$\liminf_{T \to \infty} N_{Q,\Omega}(a,b,T)/V_{Q,\Omega}(a,b,T) \geq 1$, (3)

thus there are asymptotically at least as many lattice points as predicted by (2).  This bound is uniform over any compact set of irrational forms Q.  In the case $p \geq 0, q \geq 0, p+q=n \geq 5$, we also have the bound

$N_{Q,\Omega}(-\varepsilon,\varepsilon,T) / V_{Q,\Omega}(-\varepsilon,\varepsilon,T) > c > 0$

uniformly in $\varepsilon$ and for Q in a compact set (and not necessarily irrational), where c depends only on this compact set and on $\Omega$.  (The condition $n \geq 5$ is necessary here, since otherwise the counterexamples to Meyer’s theorem in lower dimensions give examples when $N_{Q,\Omega}$ stays bounded while $V_{Q,\Omega}$ goes to infinity.)

A more recent result of Eskin, Margulis, and Mozes improves the lower bound (3) to the asymptotic (2) in the case when $p \geq 3, q \geq 1$ and Q is irrational.  This leaves out the “exceptional” cases $(p,q) = (2,1), (2,2)$.  Perhaps surprisingly, the asymptotic (2) fails in such cases, in fact there are examples of forms Q in which $N_{Q,\Omega}/V_{Q,\Omega}$ grows close to logarithmically in T.  (More precisely, given any function $f(T) = o( \log T)$, there exists a form Q and a sequence of times $T_n \to \infty$ such that $N_{Q,\Omega}(T_n)/V_{Q,\Omega}(T_n) \geq f(T_n)$.)  The forms are actually quite explicit; in the $(p,q)=(2,1)$ case they are given by $Q(x_1,x_2,x_3) = x_1^2+x_2^2 - \alpha x_3^2$ where $\sqrt{\alpha}$ is very well approximated by rationals, and in the case $(p,q)=(2,2)$ the are of the form $Q(x_1,x_2,x_3) = x_1^2+x_2^2 - \alpha (x_3^2+x_4^2)$ for similar $\alpha$. (These sorts of examples originate with an observation of Sarnak.)  In the above paper it was shown that the (2,2) counterexamples given here are “essentially” the “only” counterexamples of this signature, although the precise formal statement of this type is technical.  The situation for (2,1) signature remains somewhat unclear.  On the other hand, it is not too difficult to show that for generic Q (in particular, for almost every Q), one recovers the asymptotic (2).  And for every Q in a given compact set K, there is a universal upper bound $N_{Q,\Omega}(T) = O( T^{n-2} )$ in the non-exceptional cases $p \geq 3, q \geq 1$, with a logarithmic correction $N_{Q,\Omega}(T) = O( T^{n-2} \log T )$ in the exceptional cases $(p,q) = (2,1), (2,2)$.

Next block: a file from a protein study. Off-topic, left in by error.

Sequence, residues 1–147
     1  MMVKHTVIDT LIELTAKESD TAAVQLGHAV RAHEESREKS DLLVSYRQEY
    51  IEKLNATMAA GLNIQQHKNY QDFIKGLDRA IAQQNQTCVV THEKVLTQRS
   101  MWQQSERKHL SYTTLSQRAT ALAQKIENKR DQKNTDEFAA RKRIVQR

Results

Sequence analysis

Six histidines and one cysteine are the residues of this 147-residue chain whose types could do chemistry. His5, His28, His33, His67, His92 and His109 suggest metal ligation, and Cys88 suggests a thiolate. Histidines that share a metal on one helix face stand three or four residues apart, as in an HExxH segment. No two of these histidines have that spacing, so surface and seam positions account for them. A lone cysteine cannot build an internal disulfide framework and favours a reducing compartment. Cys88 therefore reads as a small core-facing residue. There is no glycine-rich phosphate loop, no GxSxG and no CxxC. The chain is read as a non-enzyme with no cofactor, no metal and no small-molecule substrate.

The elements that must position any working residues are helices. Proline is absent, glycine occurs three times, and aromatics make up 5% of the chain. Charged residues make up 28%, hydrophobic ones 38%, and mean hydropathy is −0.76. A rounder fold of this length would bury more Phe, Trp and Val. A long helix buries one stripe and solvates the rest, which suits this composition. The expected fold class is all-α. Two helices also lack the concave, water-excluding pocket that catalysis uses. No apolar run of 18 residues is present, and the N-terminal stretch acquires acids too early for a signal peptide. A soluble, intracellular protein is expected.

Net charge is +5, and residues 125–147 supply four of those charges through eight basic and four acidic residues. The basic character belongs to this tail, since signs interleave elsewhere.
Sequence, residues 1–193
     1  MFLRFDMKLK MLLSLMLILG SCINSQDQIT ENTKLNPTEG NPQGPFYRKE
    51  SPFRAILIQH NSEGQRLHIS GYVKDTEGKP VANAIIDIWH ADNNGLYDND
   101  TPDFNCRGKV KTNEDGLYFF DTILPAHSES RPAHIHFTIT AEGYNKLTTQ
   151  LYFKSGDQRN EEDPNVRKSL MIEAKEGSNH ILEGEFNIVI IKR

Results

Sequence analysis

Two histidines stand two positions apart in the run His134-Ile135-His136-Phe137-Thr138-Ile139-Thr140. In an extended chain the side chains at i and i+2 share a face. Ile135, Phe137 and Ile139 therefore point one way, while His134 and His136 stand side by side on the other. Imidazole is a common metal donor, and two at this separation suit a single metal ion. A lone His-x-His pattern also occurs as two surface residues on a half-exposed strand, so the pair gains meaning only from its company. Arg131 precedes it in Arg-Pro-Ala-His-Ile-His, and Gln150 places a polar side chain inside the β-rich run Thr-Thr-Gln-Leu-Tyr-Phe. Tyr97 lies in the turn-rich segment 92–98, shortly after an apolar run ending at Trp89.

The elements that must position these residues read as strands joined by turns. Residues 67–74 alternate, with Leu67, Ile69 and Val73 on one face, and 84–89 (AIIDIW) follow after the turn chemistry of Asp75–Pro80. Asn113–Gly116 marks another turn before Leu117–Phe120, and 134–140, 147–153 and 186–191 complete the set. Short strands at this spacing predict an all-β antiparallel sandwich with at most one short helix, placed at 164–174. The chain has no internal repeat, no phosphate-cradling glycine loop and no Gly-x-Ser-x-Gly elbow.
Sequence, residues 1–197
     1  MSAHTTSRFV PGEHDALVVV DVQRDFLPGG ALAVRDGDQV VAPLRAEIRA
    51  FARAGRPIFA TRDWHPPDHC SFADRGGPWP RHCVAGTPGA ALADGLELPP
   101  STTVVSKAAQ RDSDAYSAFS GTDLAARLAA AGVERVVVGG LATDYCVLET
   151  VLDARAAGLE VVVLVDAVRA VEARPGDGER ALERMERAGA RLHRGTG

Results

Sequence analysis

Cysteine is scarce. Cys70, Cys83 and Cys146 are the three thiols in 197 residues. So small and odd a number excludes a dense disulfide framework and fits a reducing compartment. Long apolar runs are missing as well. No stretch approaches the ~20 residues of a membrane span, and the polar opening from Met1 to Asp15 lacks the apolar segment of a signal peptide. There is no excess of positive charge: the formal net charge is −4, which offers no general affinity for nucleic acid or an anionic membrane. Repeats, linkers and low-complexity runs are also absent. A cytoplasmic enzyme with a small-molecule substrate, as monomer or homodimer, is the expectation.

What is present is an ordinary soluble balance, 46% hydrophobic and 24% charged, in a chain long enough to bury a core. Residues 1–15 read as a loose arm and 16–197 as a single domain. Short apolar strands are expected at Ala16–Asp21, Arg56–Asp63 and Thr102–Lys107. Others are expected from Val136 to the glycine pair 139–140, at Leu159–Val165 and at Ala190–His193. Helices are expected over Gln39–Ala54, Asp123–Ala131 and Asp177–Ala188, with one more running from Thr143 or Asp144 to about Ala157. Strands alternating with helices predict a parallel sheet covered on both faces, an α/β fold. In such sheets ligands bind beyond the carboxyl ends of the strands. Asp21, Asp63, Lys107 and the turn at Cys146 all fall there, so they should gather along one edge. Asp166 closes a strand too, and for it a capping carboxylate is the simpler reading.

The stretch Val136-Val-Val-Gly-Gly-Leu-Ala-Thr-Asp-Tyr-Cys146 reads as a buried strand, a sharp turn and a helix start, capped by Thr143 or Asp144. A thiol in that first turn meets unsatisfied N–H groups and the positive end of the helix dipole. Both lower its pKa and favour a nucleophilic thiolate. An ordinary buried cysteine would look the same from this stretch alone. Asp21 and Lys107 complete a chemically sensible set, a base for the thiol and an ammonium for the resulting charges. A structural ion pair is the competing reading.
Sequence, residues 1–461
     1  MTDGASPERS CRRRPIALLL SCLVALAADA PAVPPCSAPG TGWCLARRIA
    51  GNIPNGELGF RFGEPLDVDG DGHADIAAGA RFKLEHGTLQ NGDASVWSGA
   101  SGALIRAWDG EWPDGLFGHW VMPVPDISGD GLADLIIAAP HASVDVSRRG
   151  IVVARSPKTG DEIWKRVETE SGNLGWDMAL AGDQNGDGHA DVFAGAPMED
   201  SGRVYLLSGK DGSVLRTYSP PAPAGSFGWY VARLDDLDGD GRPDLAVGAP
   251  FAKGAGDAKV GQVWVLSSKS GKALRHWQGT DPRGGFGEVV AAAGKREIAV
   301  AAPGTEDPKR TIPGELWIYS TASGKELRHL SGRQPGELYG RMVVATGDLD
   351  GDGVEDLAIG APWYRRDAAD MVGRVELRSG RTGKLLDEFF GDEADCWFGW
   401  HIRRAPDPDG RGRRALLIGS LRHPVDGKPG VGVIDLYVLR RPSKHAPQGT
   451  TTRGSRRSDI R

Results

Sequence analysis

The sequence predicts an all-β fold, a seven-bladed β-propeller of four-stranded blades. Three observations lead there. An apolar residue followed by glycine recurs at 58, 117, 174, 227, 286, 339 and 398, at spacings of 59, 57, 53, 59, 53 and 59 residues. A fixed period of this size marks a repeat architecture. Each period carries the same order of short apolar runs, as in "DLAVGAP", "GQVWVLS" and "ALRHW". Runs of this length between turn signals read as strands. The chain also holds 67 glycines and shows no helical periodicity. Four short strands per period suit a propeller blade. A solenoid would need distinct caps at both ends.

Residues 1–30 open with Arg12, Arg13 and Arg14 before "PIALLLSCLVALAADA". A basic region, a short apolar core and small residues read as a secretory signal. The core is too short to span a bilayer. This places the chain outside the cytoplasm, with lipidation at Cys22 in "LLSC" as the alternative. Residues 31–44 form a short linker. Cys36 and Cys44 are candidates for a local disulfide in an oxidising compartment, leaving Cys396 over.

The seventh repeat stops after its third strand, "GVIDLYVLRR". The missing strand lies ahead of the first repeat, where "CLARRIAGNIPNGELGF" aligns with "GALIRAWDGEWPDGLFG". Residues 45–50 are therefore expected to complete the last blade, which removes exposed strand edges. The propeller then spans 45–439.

One reason for the failure of the asymptotic in these exceptional cases can apparently be traced back to the refusal of a certain integral to decay in the limit $g \to \infty$.  Specifically, if one lets $S^1 := \{ (x,y,1): x^2+y^2=1\}$ be the unit circle in the standard light cone $\{ (x,y,z): x^2+y^2=z^2\}$, then it is a pleasant geometric exercise to observe that the integral $\int_{S^1} \frac{dv}{|gv|}$ for $g \in SO(2,1)$ is in fact independent of g, and in particular does not go to zero as $g \to \infty$, whereas the higher-dimensional analogues of this integral do decay.

One of the basic tools in proving these estimates is the Siegel transform, which maps absolutely integrable functions $f \in L^1({\Bbb R}^n)$ to absolutely integrable functions $\tilde f \in L^1({\Omega}_n)$ by the formula